A blog is also another way to demonstrate your writing prowess. Over time, you build a portfolio of work that reveals who you are. The trend now is to longer posts, but Google will always reward outstanding content, regardless of length.
A helpful reminder about the scope and appeal of blog posts, but I’m uncomfortable with the suggestion that length is a positive. My preference is for shorter posts—and I often find myself bailing mid-way through long posts even when I enjoy the writer. Just my brief two cents…
I agree with Victoria…blogging is “the key to building your brand and promoting your work.” I could do that quite successfully and the key is to remain in touch with the bloggers and authors we like, Nice reminders Jeri! I have tried to follow most of them. Thank you for another enlightening post.
There’s one thing here that I would disagree with. I think a lot more care should be put into selecting images. Being visually appealing can be as important as the writing. Also the image that goes with a social media post or search engine result is an important way to get readers to click through to your blog.
Long is good? Hurray. I’ve wondered about that. It’s true, my longest pieces keep receiving visitors years after I wrote them. I doubt visitors read the whole thing, but I guess getting picked up by search engines is good enough.
Thanks for this. Good reminders.
I agree with Ken on the importance of good and appropriate images. Sometimes the picture with the title doesn’t make sense to me so then I wonder if the blog is going to make sense. As mainly a travel blogger, I try to include pictures that illustrate the place the blog discusses.
Good points here, including the value of images. Do you suggest unique photos (those personally taken) or stock ones? Thanks!
Good points about keeping it real and giving insights into your world. I’m not sure I agree about the length of the posts. Shorter ones can also be very interesting. But there are a number of tips here I can use.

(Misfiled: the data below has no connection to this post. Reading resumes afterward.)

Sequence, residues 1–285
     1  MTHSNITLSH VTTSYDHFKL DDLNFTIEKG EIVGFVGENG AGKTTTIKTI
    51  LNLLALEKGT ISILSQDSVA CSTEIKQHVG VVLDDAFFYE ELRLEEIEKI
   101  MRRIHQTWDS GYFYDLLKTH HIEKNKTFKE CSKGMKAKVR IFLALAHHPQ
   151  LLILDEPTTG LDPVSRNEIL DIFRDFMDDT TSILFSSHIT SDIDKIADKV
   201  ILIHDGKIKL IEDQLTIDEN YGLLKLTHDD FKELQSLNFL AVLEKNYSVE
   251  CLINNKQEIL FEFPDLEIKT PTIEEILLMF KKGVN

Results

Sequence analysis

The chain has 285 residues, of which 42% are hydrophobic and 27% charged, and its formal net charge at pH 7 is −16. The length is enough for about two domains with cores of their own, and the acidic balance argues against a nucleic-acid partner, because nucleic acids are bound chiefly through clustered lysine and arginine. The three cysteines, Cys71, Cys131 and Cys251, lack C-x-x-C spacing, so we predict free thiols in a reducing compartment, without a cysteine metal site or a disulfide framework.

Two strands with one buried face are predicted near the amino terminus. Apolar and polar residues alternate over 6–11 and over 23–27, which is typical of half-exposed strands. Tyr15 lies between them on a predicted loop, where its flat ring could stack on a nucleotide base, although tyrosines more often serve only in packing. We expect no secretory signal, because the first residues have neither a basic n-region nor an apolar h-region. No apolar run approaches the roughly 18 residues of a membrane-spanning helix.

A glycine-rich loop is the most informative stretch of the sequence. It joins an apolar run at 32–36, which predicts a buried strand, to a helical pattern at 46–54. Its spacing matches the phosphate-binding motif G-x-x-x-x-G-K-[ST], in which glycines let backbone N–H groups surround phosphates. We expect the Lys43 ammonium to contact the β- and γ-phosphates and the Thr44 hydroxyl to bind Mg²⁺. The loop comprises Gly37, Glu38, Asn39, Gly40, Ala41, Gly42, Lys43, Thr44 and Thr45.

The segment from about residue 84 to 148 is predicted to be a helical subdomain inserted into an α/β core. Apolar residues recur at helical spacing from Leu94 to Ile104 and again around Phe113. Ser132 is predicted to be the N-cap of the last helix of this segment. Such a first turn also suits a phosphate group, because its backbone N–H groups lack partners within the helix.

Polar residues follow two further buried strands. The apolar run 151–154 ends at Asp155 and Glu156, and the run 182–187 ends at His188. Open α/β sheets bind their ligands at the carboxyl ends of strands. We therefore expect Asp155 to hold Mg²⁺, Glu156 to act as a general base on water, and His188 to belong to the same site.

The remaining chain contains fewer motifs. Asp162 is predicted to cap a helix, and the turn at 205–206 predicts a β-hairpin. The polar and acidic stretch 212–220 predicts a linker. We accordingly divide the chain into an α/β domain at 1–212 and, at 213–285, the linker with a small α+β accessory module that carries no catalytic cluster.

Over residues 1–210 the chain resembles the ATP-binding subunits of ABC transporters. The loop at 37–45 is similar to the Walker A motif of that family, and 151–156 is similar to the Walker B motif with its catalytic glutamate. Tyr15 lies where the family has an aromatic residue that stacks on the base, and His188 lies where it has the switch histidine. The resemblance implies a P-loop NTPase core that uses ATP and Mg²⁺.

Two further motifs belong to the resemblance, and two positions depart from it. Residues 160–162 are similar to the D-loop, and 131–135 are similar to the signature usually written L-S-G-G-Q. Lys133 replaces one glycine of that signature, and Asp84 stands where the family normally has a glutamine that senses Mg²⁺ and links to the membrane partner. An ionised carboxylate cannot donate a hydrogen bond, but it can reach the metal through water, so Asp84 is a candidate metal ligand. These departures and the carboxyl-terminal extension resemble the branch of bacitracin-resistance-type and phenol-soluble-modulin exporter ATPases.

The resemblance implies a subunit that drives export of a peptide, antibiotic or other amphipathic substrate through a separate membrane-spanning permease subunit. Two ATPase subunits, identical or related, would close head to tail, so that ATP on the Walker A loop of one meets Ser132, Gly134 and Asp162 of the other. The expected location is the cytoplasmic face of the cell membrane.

I love blogging! As a writer, I did begin blogging by writing about life and writing. But I slowly developed my passion for writing about travel, and now chocolate travel, which I think helps differentiate me from all the other travel blogs out there. I’m surprised to hear that the optimum length of a blog post is 2100 words, as when I started in 2009, it was only 350 words. I think I generally write about 500 words, but I do include lots of visuals–which my readers seem to love. 🙂
Terrific advice. I especially like your points about being consistent and using images. While it is true the posts with images attract more readers, there’s another reason to use them. If you’re lucky enough to have someone share your article it’s going to show up much better in social media if there is an image – otherwise, it will just be a title and a blurb with a link and that is very easy to overlook in a feed.
These are all wonderful reminders, Victoria. Thanks for sharing. I’ve been having trouble with posting regularly in the last six months. I’ve been at it for six years and was pretty spot on one post/week but life has gotten in the way 😛 Thanks for sharing Victoria’s expertise here, Jeri!
Sorry, I meant to ask Victoria, do tag clouds on website sidebars truly slow a site down? I was told that a few years ago so took mine off. But I see some folks still have them on their site and frankly, I LOVE a tag cloud for ease of seeing all the blog categories.
Excellent post… So many useful tips. Quality and quantity should go together. I agree as to that. Interesting points concerning lenght and Google searchs too. Thanks so much for sharing, Victoria & Jeri… Love & best wishes 🙂
These are great tips. I had no idea Google wanted to see such long posts! I better get back to writing…
Great tips! I tend to go everywhere with my topics, but I found myself nodding along with this entire post.